As homeowners demand more control from one sourcebe it a laptop, mobile phone, or office desktop computerlife safety and security systems are being more intimately integrated with the entire home system.
The integration between the home automation products and the fire and buzzer alarm panels are working together instead of working separately nowadays, observed Don Childers, director of technical training at Security Central in Statesville, North Carolina. Now the things that they would normally do through their home automation system they are able to do through their fire and burglar alarm systems as well.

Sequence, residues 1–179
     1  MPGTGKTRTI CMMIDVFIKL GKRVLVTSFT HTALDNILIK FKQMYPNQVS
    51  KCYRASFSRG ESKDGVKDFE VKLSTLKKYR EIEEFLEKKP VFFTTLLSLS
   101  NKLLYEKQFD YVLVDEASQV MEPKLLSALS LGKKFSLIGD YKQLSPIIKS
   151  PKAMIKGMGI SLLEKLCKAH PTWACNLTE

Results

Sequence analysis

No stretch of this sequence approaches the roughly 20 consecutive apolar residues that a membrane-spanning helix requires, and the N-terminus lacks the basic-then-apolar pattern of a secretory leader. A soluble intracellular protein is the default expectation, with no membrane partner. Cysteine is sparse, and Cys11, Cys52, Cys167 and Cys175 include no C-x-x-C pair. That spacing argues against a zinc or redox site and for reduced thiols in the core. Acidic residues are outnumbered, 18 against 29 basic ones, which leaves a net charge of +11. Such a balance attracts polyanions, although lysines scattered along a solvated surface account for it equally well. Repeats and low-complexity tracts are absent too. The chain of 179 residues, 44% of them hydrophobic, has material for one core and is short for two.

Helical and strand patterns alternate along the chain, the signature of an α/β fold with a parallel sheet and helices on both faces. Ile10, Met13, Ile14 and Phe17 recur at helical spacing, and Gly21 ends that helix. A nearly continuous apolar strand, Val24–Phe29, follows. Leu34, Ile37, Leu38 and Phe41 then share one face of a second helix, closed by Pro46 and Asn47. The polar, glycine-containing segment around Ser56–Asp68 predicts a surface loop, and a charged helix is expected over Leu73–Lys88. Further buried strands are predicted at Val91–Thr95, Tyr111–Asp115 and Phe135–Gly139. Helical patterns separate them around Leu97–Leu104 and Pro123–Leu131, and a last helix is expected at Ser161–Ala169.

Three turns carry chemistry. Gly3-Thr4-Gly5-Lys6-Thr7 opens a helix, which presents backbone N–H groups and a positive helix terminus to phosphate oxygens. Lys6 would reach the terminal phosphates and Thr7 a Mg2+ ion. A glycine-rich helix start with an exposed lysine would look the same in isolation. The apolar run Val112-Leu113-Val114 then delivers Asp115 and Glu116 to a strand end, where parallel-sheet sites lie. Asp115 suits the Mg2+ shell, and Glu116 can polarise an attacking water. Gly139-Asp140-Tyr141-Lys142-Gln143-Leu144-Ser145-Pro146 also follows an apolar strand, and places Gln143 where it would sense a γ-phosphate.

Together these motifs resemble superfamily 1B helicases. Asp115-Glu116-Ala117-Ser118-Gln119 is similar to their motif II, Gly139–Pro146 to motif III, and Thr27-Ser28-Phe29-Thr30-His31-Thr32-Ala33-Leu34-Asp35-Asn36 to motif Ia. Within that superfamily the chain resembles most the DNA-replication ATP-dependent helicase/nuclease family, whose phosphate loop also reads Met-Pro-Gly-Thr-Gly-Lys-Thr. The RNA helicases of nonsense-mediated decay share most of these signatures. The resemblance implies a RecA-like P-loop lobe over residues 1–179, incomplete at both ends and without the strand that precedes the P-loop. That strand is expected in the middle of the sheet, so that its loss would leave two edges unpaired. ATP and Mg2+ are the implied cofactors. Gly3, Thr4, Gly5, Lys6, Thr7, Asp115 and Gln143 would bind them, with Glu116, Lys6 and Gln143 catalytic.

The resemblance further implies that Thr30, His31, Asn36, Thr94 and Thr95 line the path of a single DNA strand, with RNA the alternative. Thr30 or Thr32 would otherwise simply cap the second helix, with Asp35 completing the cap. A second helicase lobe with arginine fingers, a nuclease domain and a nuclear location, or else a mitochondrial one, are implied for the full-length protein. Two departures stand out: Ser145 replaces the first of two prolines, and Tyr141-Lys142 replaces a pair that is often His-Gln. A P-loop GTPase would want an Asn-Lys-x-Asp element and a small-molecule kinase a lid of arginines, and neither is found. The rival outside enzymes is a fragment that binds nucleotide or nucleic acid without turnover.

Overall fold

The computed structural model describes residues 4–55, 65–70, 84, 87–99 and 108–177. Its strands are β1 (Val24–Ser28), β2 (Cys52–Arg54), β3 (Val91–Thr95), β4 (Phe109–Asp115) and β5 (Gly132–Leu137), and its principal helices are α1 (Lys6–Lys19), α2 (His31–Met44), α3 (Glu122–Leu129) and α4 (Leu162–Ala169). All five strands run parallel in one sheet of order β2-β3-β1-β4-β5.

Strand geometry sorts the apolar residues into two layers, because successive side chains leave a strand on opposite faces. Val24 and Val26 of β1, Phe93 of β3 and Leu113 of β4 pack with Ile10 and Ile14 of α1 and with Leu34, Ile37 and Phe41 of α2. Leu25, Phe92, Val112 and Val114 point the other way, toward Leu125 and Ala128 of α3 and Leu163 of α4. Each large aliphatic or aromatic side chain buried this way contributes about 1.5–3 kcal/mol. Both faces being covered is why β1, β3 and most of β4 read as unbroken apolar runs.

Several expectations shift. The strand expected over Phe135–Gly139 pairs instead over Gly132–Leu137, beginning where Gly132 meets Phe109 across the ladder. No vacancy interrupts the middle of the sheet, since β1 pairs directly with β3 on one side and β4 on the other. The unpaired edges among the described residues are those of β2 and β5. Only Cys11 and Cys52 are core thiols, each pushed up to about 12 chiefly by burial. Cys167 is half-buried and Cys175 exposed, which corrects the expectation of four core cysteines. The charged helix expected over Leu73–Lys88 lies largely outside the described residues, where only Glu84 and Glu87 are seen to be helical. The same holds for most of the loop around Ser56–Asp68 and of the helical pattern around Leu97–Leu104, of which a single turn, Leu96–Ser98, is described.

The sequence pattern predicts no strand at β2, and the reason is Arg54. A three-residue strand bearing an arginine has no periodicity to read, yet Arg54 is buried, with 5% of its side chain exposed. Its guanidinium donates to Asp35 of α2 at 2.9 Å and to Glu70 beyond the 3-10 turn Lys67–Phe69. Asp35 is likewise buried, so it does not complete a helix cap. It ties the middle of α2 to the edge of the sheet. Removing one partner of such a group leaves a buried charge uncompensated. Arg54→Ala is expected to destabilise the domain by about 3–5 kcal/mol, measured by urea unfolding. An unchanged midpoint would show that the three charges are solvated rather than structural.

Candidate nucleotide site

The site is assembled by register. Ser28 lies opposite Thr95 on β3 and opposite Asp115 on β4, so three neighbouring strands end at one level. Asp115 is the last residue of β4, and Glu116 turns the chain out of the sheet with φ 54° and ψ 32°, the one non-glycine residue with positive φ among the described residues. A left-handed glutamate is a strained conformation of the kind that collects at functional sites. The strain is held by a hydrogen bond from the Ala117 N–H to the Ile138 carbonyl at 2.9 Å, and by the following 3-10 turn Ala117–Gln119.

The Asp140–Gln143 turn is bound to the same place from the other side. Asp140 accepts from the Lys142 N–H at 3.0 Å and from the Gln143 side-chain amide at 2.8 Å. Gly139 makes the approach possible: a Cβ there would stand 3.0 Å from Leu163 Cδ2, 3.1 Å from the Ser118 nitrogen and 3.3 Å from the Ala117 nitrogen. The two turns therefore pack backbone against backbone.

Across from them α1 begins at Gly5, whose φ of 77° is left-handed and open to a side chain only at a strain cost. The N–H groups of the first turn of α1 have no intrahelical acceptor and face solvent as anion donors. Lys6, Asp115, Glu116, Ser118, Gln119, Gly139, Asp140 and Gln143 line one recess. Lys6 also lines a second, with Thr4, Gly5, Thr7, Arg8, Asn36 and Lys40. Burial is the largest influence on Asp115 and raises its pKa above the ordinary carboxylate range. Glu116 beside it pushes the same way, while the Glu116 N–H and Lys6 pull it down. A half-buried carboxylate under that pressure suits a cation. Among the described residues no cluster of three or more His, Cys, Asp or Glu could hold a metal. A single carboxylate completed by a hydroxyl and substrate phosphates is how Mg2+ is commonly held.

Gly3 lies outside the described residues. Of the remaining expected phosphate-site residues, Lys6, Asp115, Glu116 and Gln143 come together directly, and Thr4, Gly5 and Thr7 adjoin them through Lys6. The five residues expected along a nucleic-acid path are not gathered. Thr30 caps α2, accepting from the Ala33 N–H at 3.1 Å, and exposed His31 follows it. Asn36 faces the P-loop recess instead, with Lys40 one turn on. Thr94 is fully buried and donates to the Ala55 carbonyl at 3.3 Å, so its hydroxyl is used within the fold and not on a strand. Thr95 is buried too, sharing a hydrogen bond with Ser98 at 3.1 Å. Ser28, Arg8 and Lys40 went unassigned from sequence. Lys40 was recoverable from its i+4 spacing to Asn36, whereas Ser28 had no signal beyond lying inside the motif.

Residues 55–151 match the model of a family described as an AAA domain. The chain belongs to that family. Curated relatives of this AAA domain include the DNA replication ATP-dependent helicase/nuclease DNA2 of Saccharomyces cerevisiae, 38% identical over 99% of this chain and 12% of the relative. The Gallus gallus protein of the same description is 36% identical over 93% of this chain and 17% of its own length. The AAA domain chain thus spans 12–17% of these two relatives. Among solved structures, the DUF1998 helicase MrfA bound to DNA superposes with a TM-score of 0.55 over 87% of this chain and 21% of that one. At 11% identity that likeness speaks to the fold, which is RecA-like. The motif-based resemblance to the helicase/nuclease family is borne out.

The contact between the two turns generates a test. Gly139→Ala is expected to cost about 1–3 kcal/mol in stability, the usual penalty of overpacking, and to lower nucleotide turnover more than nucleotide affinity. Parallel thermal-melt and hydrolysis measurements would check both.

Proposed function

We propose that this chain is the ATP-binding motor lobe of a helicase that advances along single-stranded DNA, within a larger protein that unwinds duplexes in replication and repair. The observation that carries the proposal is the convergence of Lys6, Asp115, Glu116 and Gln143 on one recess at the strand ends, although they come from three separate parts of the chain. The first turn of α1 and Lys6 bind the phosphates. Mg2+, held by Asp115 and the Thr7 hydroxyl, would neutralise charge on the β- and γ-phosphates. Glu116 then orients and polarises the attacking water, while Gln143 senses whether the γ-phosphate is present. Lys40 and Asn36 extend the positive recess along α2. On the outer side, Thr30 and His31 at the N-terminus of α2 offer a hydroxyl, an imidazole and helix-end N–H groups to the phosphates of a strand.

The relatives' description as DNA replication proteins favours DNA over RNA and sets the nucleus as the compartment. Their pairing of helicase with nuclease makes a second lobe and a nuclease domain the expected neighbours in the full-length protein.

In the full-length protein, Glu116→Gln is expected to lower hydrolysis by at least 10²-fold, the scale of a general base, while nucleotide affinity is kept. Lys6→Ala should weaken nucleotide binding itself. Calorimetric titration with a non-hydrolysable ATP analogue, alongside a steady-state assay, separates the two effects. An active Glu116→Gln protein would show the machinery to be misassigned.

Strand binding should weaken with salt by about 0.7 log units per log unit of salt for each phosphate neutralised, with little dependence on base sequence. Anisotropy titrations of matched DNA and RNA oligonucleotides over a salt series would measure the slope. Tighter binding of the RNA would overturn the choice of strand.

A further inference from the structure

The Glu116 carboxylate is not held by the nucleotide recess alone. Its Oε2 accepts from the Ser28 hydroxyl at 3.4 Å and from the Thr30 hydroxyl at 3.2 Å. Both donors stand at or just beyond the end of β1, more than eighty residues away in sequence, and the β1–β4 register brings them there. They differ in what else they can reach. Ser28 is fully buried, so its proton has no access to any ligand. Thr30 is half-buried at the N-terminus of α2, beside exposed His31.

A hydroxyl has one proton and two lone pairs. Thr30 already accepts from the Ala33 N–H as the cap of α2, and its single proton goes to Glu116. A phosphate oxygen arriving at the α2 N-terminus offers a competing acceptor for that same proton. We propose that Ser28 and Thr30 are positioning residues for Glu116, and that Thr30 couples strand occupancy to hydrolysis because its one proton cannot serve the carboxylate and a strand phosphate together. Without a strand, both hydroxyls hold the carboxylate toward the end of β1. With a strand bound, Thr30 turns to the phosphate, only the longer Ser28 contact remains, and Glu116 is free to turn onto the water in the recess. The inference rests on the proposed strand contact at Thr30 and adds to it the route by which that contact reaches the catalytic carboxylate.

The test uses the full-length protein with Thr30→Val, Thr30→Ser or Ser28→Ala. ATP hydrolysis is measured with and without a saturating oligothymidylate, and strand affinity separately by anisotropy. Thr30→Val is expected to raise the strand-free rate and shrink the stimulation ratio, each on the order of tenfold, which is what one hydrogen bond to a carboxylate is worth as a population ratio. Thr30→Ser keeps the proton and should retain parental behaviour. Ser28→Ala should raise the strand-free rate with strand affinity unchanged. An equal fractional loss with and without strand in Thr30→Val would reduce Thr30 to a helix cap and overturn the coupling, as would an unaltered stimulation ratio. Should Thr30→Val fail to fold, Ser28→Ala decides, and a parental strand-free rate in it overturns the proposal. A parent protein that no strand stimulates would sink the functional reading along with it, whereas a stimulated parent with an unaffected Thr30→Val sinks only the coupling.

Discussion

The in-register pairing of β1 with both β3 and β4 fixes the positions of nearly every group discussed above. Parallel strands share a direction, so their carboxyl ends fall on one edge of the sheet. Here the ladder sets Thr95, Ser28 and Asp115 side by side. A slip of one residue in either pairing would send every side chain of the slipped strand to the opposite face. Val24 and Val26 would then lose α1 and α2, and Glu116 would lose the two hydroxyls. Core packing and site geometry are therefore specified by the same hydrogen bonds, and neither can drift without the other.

Chris Kangis, owner and systems designer at Electronic Interiors in Hopedale, Massachusetts, notes that video surveillance is growing more sophisticated. There has been more widespread adoption of video surveillance technologies, he said. The DVR for security cameras has been around for four or five years now, and that has firmly replaced the time-lapse VCR as the recorder of choice. The flexibility and features that these systems offer, he added, has driven this migration.
Access control, generally reserved for commercial facilities, is also on the horizon. We are also going to see more use of things like thumbprint readers or some sort of access control, Kangis said. We may see more and more access systems in homes that are currently used in businesses.